John P. Moore, 66, a judge of the Maryland Court of Special Appeals since 1972 and for seven years before that a judge of the Montgomery County Circuit Court, died Dec. 23 at Georgetown University Hospital. He had had a stroke.

Judge Moore, a Democrat, was a member of the Maryland House of Delegates from Montgomery County from 1962 to 1966. During his legislative years, he was a leader in efforts to enact a public accommodations bill. He also supported bills to aid handicapped children and in 1966 and 1967 served as chairman of the Governor's Commission on Educational Needs of Handicapped Children. In 1967, he received the Agnes Bruce Greig Award for "leadership in behalf of handicapped children in the state of Maryland."

As a judge of the Montgomery County Circuit Court that had general jurisdiction in the county, he presided over a variety of civil and criminal matters. The Court of Special Appeals, to which he was first appointed by former governor Marvin Mandel and to which he later earned election, is the state's intermediate court of appeals. It hears juvenile and domestic cases, all criminal cases except those involving capital punishment, and some civil matters involving negligence, workmen's compensation and other matters.

In the 1950s, Judge Moore was a counsel to several committees of the U.S. Senate. One investigated the late senator Joseph R. McCarthy (R-Wis.), who fostered a vehement brand of anticommunism, in connection with a resolution that he be expelled from the Senate. Other committees assisted by Judge Moore investigated campaign expenditures in the 1952 and 1956 elections.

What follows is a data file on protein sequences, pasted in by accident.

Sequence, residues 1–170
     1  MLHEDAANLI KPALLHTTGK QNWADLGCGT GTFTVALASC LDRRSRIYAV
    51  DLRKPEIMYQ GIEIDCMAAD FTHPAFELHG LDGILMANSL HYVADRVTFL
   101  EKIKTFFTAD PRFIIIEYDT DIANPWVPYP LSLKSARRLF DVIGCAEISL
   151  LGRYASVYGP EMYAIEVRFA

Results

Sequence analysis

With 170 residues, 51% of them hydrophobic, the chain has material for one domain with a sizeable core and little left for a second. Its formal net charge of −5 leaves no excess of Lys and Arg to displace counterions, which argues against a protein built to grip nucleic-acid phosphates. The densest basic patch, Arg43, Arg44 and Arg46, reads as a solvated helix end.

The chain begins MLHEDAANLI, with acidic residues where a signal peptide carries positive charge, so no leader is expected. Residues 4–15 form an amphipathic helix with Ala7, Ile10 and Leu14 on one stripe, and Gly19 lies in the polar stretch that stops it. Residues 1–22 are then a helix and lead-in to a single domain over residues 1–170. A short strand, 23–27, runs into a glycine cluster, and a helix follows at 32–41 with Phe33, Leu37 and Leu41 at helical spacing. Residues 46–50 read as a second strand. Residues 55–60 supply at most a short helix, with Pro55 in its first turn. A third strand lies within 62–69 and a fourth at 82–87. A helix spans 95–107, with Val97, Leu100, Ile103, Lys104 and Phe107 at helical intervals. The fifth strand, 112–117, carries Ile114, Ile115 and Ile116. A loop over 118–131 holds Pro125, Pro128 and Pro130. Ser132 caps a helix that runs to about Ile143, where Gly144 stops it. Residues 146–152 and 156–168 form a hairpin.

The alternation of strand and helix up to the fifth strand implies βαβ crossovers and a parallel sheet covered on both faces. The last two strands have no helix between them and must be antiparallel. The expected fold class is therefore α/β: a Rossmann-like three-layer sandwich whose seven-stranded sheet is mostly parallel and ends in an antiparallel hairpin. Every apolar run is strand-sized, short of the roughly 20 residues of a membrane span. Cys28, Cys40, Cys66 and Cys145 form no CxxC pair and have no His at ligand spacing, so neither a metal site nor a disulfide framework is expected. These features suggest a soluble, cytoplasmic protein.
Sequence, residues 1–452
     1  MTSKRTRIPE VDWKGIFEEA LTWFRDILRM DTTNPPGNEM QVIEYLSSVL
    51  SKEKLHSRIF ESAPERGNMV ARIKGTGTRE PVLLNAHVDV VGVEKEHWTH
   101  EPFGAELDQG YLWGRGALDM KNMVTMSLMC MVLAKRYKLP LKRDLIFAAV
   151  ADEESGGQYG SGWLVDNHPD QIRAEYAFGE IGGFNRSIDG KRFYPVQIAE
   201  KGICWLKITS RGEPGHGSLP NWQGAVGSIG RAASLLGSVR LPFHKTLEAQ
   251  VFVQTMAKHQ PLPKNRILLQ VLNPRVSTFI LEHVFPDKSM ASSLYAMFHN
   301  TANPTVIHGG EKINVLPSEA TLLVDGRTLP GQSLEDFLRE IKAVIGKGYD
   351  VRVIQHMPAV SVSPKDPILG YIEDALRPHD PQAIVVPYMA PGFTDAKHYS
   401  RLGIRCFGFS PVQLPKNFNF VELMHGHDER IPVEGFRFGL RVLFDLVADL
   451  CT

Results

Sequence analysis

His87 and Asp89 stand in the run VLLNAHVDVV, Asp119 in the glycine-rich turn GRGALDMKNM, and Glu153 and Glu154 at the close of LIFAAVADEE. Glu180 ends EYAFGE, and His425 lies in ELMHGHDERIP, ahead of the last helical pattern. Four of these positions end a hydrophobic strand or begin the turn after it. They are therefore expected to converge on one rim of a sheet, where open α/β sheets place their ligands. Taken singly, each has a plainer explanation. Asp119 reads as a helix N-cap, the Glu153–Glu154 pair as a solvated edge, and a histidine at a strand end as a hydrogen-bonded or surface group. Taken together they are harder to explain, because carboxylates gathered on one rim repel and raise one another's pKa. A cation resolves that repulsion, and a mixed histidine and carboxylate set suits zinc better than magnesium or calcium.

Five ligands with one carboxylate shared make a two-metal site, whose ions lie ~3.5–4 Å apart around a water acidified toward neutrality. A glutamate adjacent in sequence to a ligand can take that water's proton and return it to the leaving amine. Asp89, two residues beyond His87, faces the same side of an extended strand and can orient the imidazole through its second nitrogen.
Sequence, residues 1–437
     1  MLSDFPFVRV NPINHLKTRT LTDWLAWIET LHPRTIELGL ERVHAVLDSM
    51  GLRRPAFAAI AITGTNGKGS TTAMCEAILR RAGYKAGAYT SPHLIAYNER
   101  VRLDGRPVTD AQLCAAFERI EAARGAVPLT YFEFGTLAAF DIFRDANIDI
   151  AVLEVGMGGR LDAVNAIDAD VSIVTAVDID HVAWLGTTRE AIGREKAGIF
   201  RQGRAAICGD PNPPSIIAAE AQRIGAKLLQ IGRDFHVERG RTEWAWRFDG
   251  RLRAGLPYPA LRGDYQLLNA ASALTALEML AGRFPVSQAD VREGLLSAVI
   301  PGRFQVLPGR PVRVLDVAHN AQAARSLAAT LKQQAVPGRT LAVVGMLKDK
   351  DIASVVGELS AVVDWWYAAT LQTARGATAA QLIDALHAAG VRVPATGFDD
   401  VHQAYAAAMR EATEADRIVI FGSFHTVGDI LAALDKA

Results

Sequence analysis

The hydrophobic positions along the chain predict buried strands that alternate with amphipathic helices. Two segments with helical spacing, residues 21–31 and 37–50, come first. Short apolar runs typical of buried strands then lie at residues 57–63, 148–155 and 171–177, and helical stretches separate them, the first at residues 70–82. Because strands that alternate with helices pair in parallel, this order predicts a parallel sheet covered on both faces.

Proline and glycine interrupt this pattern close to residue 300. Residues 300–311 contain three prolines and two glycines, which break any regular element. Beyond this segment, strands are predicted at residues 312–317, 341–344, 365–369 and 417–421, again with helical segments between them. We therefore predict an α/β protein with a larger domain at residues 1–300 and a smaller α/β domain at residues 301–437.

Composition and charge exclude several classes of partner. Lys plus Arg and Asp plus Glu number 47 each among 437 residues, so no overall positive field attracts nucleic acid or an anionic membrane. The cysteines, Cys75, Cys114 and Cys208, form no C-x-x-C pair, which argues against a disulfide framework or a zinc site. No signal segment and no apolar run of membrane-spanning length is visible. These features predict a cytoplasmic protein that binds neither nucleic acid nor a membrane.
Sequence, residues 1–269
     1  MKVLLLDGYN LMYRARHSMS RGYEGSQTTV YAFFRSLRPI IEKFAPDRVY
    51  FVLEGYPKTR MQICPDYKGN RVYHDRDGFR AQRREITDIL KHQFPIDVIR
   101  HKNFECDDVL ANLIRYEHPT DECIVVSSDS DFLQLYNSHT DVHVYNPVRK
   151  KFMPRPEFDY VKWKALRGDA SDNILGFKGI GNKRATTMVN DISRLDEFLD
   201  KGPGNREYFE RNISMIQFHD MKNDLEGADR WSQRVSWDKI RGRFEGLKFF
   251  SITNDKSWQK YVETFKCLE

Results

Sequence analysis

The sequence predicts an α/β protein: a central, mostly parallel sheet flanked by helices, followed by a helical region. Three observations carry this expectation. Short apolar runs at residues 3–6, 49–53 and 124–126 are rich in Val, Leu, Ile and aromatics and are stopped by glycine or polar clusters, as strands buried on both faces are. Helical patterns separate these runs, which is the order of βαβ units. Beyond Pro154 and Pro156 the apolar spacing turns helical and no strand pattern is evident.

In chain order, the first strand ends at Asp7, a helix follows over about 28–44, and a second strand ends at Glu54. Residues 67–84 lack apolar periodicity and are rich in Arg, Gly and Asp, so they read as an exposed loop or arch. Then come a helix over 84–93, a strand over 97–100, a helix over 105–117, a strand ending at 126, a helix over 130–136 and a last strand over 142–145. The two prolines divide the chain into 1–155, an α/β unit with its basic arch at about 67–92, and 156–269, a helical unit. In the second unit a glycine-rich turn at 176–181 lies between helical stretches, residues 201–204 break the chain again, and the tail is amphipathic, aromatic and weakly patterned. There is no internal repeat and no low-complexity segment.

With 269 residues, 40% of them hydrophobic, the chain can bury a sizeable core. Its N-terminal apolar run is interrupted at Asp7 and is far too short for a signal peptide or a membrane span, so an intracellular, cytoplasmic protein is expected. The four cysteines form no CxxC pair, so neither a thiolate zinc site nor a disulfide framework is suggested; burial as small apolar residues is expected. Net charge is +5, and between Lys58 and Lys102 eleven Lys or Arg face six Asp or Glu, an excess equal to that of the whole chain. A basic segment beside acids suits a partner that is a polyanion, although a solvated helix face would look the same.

Apart from his years as a legislator and a member of the bench, Judge Moore was active in numerous civic and church affairs. He was chairman of the board of trustees of Holy Cross Hospital in Silver Spring from 1967 to 1976. He was a trustee of the Eye Research Foundation of Bethesda, a member of the board of management of the Silver Spring YMCA, and the Montgomery County cochairman of the National Conference of Christians and Jews.

He was a member of the parish of Blessed Sacrament Catholic Church, the chancellor of the Southern Association of the Knights of Malta, a member of the Knights of Columbus and a trustee of the John Carroll Society. He also was a member of the Friendly Sons of St. Patrick and the Izaak Walton League.

Judge Moore, who lived in Chevy Chase, was born in New York City. He graduated from Manhattan College and came to Washington in the 1930s to study law at Catholic University. During World War II, he was an officer in the Navy and served in Italy.

After the war, he practiced law with a number of firms in Washington and Montgomery County. He was appointed to the Montgomery County Circuit Court by former governor J. Millard Tawes and later won election to a full term in his own right.

Judge Moore's survivors include his wife of 41 years, Margaret H. Moore of Chevy Chase; two children, Bernadine A., of Bethesda, and John P. Jr. of Eau Claire, Wis.; four sisters, Alice Cinelli of New York City, Marion Palatucci of Pelham, N.Y., Agnes Kavanagh of Bethesda, and Dorothy Hines of Scarsdale, N.Y.; a brother, Dr. Bertram F., of New York City, and three grandchildren.